One evening I was pondering the not so positive dynamics of this team when a friend of mine who happened to be an HR executive called to chat. This gave me the perfect opportunity to vent my frustrations. I can remember saying, “This team’s problems have nothing to do with knowledge or skill and everything to do with how different they are from one another as people. They just can’t see each other’s perspective.”

At this point my friend stopped me to remind me of the Myers-Briggs Type Indicator®, an assessment I took when I was a sophomore at the University of Florida. I hadn’t thought about the MBTI® assessment in years but was glad to be reminded of it.  Perhaps I could use it to help the people on this team learn to appreciate different approaches, rather than seeing another person’s way of doing things as wrongheaded.
 
My friend went on to tell me about Otto Kroeger and Associates (OKA) in Fairfax, VA, where I could attend a training program and learn how to administer and use the MBTI® assessment. Good. This gave me the incentive to convince my CEO that the quality management endeavor would greatly benefit from what I would learn about psychological type and how to apply it to teamwork.
 
So here is the “synchronicity” part of my story…On the first day of class the instructor says, “We use many acronyms during this program and there are some you should know: APT, the Association of Psychological Type is the membership organization that sponsors conferences every two years. CPP, Inc., is located in Palo Alto California and is the publisher of the MBTI assessment. CAPT, the Center for Applications of Psychological Type, is the non-profit organization founded by Isabel Myers and Dr. Mary McCaulley and it is the training and research organization dedicated to the ethical use of type. CAPT is located in Gainesville, Florida.”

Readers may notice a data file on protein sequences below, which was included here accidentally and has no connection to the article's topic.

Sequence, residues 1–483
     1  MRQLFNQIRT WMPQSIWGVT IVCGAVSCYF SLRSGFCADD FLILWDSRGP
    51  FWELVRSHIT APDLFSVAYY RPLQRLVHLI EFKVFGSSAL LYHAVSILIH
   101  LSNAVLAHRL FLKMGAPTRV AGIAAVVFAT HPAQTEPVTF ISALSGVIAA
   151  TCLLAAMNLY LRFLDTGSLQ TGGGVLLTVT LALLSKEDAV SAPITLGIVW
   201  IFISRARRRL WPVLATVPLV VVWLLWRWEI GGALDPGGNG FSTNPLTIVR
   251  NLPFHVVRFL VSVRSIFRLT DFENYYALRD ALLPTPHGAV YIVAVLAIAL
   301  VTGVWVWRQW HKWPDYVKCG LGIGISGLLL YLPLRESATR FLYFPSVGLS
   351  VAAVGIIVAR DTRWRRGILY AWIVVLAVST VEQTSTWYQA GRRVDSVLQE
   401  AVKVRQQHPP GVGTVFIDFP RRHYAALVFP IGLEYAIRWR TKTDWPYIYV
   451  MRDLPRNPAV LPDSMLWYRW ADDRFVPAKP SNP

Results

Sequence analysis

At that point I said to myself, “No way!” Had I flown to Virginia to take a class that was being offered in my hometown? When I returned home I made a point of visiting CAPT and introducing myself to Mary McCaulley, the founding President of CAPT. As our relationship developed she asked me to do some volunteer work for CAPT, which ultimately led to my becoming a member of the Board of Directors in 1993, and eventually becoming the President and CEO at CAPT. This was a job that incorporated all of my values and would let me practice the appreciation of differences every day. (Not so easy, by the way.) How could I have said no?

Working with Mary McCaulley was both a privilege and a pleasure. She had a passion for the work of C.G. Jung and expressed her observations with a twinkle in her eye and a lilt to her voice. I can still hear her saying “synchronicity” in that joyful tone when a series of seemingly unrelated events resulted in an uncanny coincidence. Jung coined the word synchronicity to describe this type of chain of events…and it aptly describes the journey I took to get to CAPT.

• Learn more about Jung's work on synchronicity.